Two accepts in a week – that RARELY happens :). Excited to see this one come out as well – this was a piece that I worked on with my PhD mentor (Dr. Matthew Eastin) and one of our UT PhD students who recently graduated (Dr. Jung Ah Lee). Available online through Cyberpsychology, Behavior, and Social Networking.
Title: Fear of Missing Out and Consumer Happiness on Instagram: A Serial Mediation of Social Media Influencer-Related Activities
Abstract: Mounting research shows negative psychological effects for social media and recognizes fear of missing out (FoMO) as a key driver of social media use. This article focuses on social media influencers (SMIs) and investigates potentially positive forms of usage on psychological well-being (i.e., happiness), including how FoMO impacts consumer response to SMIs. A serial mediation model using survey data (N?=?604) indicates SMI-related activities are positively associated with a consumer’s happiness. Furthermore, SMI-related activities jointly and positively mediate the relationship between FoMO and happiness. Individuals higher in FoMO more frequently visited SMIs’ account profiles leading to more frequent purchasing of products recommended by SMIs, which in turn positively influenced happiness. Implications of the findings are discussed with suggestions for future research.
I am excited to announce that the latest paper from my research team at UT has been published – this was a joint effort between Kristen Sussman (PhD student), Gary Wilcox (Professor), and myself. The research took a mixed methods approach by combining text analysis with mobile polling data from 1Q.com. See title and abstract below – published in the Journal of Digital and Social Media Marketing.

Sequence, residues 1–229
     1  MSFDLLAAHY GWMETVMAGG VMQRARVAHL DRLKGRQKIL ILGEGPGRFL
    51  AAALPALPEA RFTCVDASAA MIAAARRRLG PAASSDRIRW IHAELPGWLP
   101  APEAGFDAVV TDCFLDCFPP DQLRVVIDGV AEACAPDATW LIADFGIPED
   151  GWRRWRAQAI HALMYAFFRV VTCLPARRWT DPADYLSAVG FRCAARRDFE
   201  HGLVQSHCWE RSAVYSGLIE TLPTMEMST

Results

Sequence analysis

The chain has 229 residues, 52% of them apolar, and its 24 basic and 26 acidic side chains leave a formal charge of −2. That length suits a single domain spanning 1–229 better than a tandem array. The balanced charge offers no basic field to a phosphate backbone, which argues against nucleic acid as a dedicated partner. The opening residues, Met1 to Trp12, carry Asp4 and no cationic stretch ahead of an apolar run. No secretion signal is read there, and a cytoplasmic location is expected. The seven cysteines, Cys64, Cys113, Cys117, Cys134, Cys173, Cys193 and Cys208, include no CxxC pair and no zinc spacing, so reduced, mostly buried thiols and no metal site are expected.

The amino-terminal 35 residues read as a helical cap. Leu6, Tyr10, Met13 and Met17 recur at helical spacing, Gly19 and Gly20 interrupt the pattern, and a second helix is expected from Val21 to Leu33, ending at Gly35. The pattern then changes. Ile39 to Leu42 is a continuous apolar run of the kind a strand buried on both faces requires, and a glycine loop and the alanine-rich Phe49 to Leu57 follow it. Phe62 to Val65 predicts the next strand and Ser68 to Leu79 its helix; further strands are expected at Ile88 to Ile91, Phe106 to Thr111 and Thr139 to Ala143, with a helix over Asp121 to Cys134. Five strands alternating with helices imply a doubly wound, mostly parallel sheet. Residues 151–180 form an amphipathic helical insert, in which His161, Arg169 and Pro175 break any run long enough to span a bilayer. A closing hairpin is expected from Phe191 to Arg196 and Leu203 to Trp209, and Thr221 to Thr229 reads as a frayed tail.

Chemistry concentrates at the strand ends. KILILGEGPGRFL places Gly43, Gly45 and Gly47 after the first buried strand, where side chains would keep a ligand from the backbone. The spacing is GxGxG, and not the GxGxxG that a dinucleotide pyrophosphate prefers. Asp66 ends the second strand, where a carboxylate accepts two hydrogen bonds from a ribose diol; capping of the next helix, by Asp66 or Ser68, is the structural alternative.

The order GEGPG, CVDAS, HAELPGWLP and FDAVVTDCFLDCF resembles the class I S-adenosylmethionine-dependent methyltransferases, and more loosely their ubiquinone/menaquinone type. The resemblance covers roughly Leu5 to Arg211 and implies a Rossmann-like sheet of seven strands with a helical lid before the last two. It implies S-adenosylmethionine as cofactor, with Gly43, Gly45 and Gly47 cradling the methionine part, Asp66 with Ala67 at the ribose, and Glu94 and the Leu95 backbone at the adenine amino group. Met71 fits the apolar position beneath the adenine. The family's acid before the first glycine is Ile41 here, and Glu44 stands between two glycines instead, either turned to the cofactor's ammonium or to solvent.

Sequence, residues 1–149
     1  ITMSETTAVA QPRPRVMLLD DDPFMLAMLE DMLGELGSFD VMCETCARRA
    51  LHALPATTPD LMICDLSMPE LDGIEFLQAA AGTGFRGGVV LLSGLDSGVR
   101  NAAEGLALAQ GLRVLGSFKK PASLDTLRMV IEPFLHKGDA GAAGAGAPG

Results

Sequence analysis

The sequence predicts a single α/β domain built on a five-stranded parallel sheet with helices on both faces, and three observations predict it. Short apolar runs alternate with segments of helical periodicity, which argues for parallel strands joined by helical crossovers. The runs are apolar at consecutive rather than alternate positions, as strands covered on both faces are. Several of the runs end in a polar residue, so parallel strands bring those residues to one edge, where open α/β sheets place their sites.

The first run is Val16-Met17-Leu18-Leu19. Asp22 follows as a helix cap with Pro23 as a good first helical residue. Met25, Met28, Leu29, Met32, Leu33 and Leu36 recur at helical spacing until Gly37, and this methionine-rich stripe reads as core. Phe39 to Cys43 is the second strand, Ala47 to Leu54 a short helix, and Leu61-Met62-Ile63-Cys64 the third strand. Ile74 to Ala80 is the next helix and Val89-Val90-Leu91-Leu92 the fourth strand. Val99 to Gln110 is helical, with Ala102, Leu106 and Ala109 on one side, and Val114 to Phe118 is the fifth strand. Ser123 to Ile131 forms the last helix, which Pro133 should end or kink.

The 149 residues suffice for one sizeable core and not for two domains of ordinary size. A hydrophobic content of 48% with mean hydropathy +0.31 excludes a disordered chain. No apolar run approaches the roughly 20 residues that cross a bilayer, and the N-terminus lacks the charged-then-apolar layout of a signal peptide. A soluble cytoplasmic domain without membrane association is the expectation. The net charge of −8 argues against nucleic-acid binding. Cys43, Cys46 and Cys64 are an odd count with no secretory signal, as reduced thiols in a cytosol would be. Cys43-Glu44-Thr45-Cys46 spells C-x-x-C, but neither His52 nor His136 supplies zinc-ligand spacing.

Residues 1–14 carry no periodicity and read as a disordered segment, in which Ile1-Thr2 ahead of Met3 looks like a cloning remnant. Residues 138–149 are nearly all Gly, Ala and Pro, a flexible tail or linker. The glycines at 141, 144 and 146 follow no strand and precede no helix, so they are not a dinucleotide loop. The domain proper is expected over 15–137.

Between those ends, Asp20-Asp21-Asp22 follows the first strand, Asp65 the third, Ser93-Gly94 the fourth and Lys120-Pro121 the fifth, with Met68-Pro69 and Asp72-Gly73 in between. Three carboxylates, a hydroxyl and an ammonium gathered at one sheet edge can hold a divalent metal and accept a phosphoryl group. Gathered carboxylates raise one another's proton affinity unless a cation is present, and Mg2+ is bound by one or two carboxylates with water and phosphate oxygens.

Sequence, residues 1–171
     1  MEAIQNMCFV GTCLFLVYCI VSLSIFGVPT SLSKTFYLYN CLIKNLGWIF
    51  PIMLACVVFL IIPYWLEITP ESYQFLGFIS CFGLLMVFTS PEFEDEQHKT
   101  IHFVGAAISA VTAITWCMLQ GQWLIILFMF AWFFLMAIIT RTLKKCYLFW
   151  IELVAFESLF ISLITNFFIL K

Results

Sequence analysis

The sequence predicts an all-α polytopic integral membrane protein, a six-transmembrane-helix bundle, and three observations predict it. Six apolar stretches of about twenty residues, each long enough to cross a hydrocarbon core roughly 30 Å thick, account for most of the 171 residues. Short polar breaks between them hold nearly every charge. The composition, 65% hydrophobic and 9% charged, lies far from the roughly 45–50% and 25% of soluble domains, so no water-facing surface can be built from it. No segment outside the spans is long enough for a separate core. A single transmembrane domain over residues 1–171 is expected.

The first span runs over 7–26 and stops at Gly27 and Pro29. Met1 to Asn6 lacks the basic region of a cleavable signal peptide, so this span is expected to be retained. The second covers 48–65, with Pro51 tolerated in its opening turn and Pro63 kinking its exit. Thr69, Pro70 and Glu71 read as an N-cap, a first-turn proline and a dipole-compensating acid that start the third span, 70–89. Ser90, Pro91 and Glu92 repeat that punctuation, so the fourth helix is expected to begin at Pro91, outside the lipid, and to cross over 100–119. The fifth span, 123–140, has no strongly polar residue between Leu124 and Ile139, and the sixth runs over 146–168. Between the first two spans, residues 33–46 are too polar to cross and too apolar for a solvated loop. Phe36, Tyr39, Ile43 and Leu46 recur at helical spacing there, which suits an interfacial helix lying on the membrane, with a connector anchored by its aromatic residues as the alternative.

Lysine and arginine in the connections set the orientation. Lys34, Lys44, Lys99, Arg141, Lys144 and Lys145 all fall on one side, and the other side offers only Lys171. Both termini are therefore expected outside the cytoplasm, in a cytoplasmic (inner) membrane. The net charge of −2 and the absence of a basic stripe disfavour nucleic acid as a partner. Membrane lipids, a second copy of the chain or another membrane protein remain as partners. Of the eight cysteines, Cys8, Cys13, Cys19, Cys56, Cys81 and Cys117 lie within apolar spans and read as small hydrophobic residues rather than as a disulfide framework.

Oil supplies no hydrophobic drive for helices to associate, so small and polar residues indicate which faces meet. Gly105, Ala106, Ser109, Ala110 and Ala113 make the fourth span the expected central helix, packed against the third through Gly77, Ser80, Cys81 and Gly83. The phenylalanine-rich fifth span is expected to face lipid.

Title: Facebook, trust and privacy in an election year: Balancing politics and advertising
Abstract: Prior to the US 2020 presidential election, both Twitter and Google announced changes to their political advertising policies. This article explores trust and privacy issues relating to social media while evaluating current public opinion regarding political advertising on Facebook, which unlike Twitter and Google, has remained steadfast in its support for political advertising. The study uses a textual analysis of Twitter data collected from conversations in October 2019 to provide a snapshot of public rhetoric at this point in time. Results from the text analysis identify trends around the upcoming election, political advertising, Russia and Trump. Topics are further investigated using an online survey panel of 300 participants. ANOVA results indicate that privacy concerns are a key driver of desire to remove political advertising. The results suggest that user perception of Facebook advertising is decreasing as a result of privacy concerns related to trust in the platform. Political advertisers should therefore reevaluate their communication strategy with regard to Facebook advertising.
Keywords: Facebook; misinformation; online advertising; online trust; political advertising; privacy; public opinion
Next we will be working on a text analysis regarding COVID-19 vaccine hesitation – more coming soon.